The latest statistics of CIVB shows an increase in number of vineyards involved in environmental sustainability from 34% in 2014 to 60% in 2017, demonstrating the increasing strength of embracing an environmental approach. By following stringent and systematic principles and gaining valid certifications in organic and biodynamic viticulture (through ECOCERT, Demeter), Terravitis, HEV (High Environmental Value) and EMS (Environmental Management systems) and opening up their vineyards and winemaking practices through focused and involved tourism activities, Bordeaux vignerons are catching up with their environmentally aware new world counterparts to communicate their assurance to ecological integrity. These philosophies include a varied mix of reduced (and in some cases complete avoidance) chemical farming, recycling of waste, promoting natural ways of maintaining symbiotic ecosytem and by following on, in the winery through minimal use of chemicals, sulphur dioxide and other fining and filtering agents.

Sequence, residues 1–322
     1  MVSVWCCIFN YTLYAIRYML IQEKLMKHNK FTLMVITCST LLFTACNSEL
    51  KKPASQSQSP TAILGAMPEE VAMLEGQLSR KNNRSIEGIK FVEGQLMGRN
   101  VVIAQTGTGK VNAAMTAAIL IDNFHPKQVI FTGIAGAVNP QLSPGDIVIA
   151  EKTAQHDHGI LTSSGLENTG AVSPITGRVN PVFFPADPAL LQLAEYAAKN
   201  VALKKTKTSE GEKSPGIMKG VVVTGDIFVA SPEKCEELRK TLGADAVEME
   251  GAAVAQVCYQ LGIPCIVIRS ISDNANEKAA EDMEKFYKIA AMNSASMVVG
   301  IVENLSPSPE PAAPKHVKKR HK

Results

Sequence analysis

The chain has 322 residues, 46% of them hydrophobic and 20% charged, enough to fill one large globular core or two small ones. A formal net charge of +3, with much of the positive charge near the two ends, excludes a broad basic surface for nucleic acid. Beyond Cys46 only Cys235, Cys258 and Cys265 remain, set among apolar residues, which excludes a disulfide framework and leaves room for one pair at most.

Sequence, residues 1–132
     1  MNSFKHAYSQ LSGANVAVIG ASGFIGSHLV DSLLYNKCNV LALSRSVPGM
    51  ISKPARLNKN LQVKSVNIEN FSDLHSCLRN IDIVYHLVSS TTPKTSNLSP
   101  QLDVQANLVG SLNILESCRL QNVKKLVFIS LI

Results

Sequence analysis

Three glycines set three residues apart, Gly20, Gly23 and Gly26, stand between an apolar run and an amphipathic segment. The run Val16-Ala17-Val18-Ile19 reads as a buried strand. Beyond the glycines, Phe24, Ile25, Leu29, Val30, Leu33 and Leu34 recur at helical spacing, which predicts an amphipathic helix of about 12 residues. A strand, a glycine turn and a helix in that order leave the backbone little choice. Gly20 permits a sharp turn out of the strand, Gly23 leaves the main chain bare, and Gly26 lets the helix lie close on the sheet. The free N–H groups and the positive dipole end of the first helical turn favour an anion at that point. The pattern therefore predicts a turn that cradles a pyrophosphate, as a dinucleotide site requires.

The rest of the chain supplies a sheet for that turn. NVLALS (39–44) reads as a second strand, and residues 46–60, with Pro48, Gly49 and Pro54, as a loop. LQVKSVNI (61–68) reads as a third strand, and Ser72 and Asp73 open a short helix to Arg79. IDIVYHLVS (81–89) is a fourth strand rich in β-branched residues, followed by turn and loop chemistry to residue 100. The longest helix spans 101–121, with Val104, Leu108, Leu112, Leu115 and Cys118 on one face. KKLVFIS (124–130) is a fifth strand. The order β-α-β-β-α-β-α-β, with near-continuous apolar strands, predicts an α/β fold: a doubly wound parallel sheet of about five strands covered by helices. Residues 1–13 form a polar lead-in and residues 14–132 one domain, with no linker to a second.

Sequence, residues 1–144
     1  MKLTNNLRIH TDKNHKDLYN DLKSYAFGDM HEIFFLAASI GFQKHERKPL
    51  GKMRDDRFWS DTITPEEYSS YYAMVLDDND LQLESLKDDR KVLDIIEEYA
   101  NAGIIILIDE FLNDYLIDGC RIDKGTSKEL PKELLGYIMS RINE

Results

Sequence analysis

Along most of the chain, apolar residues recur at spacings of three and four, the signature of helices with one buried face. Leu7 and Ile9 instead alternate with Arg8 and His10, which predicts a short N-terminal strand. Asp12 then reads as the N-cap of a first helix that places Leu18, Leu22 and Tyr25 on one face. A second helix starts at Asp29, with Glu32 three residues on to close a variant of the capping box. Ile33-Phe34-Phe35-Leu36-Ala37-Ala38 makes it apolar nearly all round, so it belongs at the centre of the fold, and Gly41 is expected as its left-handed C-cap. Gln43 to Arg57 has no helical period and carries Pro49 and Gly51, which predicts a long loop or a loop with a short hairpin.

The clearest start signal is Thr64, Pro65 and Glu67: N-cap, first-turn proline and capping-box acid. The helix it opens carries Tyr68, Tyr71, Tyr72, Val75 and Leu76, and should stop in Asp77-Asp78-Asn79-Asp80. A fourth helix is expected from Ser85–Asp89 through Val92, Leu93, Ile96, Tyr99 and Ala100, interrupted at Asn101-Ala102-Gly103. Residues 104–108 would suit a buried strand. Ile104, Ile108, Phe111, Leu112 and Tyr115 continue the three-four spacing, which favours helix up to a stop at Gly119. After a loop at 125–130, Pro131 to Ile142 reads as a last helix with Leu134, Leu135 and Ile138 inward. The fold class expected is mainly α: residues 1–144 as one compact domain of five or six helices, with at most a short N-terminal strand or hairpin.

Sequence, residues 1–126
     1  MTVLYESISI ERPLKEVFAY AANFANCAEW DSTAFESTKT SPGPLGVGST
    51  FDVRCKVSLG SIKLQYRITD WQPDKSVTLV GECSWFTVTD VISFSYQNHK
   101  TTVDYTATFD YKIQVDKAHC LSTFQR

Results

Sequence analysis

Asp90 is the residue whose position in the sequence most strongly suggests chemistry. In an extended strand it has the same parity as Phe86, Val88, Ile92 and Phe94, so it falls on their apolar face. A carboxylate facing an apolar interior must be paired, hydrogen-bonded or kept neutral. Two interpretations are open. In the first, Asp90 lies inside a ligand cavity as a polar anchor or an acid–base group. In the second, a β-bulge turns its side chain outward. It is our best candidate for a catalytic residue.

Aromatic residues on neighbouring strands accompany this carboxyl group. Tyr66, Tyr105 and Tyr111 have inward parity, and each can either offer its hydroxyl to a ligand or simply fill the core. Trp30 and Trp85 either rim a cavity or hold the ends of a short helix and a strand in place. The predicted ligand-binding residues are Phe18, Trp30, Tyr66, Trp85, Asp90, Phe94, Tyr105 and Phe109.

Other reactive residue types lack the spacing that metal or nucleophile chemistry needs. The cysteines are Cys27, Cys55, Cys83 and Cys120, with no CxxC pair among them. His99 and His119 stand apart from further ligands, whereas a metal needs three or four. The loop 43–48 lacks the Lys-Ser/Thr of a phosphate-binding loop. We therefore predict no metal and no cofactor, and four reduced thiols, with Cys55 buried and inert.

Chateau Couhins vineyards -part of the French National Institute of Agricultural Research (Image: Chateau source)

Chateau Couhins vineyards -part of the French National Institute of Agricultural Research (Image: Chateau source)